Tuesday, May 8, 2012

GN Review -- Empowered, v. 1 / Adam Warren

I came across Empowered when I read a blog post about sex in superhero comics.  Empowered was cited as a comic that gets it right as opposed to how sex was generally portrayed in the more mainstream superhero comics: either as clichéd, bland soap opera suggestions; overdone, exploitative cheesecake or soft-core porn that panders to man-children and degrades women; or in a context that unfairly associates negativity with sexuality, such as a rape scene.

Adam Warren's book doesn't shy away from sex or even exploitation, but instead of tip-toeing around the subject or overplaying the adolescent fantasies hand, he deconstructs and satirizes many of the absurdities that come with aforementioned fantasies.  At worst, sex is treated matter-of-factly, as something that everyone does and enjoys (or should enjoy), or even positively in the context of a relationship.  The result of all of this is a humorous, refreshingly frank depiction of superhero and comic book culture that is both sexy and a joy to read for both male and female comic readers.

Presented as a series of short comics, we are introduced to Empowered, an attractive young superhero whose reputation as a costumed crimefighter revolves around her good looks and notorious penchant for getting captured and tied up by the villains she fights.  In addition to being considered incompetent, she has myriad confidence issues, including body image problems, an understandable inferiority complex, and a super-suit that gives her stupendous powers... until it takes the slightest bits of damage and rips.  She is almost universally condescended to by her teammates on the hilariously named Superhomeys team, and is particularly maligned by Sistah Spooky, a mage teammate who has an irrational hatred of blondes.

Despite constant struggles and derision due to her flimsy suit and general ineptness, Emp manages to soldier on and brave the slings and arrows that inevitably come her way.  She gets plenty of help from her circle of friends, including her boyfriend Thugboy, a former witless minion; Ninjette, a deadly, stealthy assassin who likes to drink a lot; and The Caged Demonwolf, a former all-powerful super-being that now dispenses advice to her from within the trappings of a piece of--and I quote--"power-draining alien bondage gear."

Writing that phrase must have been a whole lot of fun.

If you've seen the first couple of seasons of Doctor Who or just about any part of Torchwood, you know about the character of Captain Jack Harkness, whose oddly omnivorous sexuality is portrayed as a raging non-issue.  He likes women, he likes men, he likes aliens of various shapes and sizes... in short, he appreciates hotness, no matter what its form.  And amazingly, it's no big deal.  This is simply how he is, and the perceptions of him don't really seem to extend to any real labeling or activism.  It's just... how he is.  No big deal.  It's one of the most endearing things about the character, as far as I'm concerned.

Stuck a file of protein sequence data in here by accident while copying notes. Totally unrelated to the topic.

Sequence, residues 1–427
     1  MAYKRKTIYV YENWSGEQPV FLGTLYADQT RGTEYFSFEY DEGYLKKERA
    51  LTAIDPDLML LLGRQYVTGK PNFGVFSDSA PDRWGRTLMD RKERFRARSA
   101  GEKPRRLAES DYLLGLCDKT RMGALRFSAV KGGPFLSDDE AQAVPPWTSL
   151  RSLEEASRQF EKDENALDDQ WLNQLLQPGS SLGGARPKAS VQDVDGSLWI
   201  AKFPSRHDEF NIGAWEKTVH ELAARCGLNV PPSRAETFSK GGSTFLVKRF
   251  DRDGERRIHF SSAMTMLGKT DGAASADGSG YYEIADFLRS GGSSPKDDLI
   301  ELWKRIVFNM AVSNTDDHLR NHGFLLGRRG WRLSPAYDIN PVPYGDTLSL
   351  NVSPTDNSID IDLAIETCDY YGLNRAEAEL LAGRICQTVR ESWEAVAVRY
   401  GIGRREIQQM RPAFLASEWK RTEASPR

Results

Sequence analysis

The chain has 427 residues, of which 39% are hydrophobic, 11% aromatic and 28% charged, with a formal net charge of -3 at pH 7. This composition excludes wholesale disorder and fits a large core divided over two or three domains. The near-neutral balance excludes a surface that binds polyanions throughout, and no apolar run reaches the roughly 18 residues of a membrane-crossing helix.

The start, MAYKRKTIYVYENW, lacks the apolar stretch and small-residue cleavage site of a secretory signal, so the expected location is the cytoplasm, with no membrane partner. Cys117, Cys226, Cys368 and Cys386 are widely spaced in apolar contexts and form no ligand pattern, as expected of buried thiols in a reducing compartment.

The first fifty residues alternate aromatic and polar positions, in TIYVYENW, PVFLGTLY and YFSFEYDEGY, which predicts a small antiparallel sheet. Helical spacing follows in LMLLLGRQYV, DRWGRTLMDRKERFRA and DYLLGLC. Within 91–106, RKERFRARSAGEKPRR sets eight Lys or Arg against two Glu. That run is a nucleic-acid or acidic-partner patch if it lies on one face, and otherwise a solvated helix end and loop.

Why do I mention this?  Because the way Jack Harkness's sexuality is treated is precisely the same way that sexuality is treated in Empowered.  It exists, it's something people enjoy and do, it's a part of life.  No big deal, and certainly not something to think is a bad thing.

Now, there's a little more exploration of sexuality and sex--since it's one of the main themes of the book--but it's all in good fun.  Some of the jokes include the ridiculousness of tight superhero costumes, Emp's many lame lamentations about the size of her butt, costumes and roleplaying, and badly written superhero fan fiction.  It's laugh-out-loud funny in its forthrightness, highlighted capably by the charm of the characters Warren has written and drawn.

Emp, of course, is the star, and despite her general incompetence as a hero, her various anxieties about her picture-perfectly portrayed body, and the general lameness that denotes her life, she is an undeniably likable heroine.  Fetching drawn by Warren's pencils, she is very easy on the eyes, with her pouty lips and curvy figure, but it is her ability to put up with her rather low status as a super-hero and continue to fight the good fight that truly makes her endearing.  She has a lot of pluck, a naive sense of self-awareness, and an adorable demeanor when she's at ease and not bringing herself down.  She's also very loyal to her friends, as demonstrated in one episode where she truly throws down and kicks ass when Thugboy's life is on the line.

Artistically, I have to say that Warren's style really fits with the tone of the stories.  Done in an almost-unfinished, pseudo-manga style, there's a good deal of emphasis placed on facial expressions, healthy, young human bodies--particularly the ladies, of course--and over-the-top action, when it comes up.  Warren also doesn't shy away from occasionally exploiting the guys, as evidenced by Thugboy's ridiculous Spartan suit and the brief yaoi episode of fanfiction between two of the male Superhomeys.  The cartooniness of the style helps maintain the idea that this is all in good, semi-clean fun, and really helps drive the episodes.

Overall, I have to say that Empowered is one of my new favorites in comics, and while it's most certainly not for all ages, it's certainly good fun for adults who like a good, healthy dollop of sexuality with their superheroes.  It's fun, cleverly written, and adeptly drawn by the writer.  Check it out and just try not to laugh at a few of the episodes.  Highly recommended.

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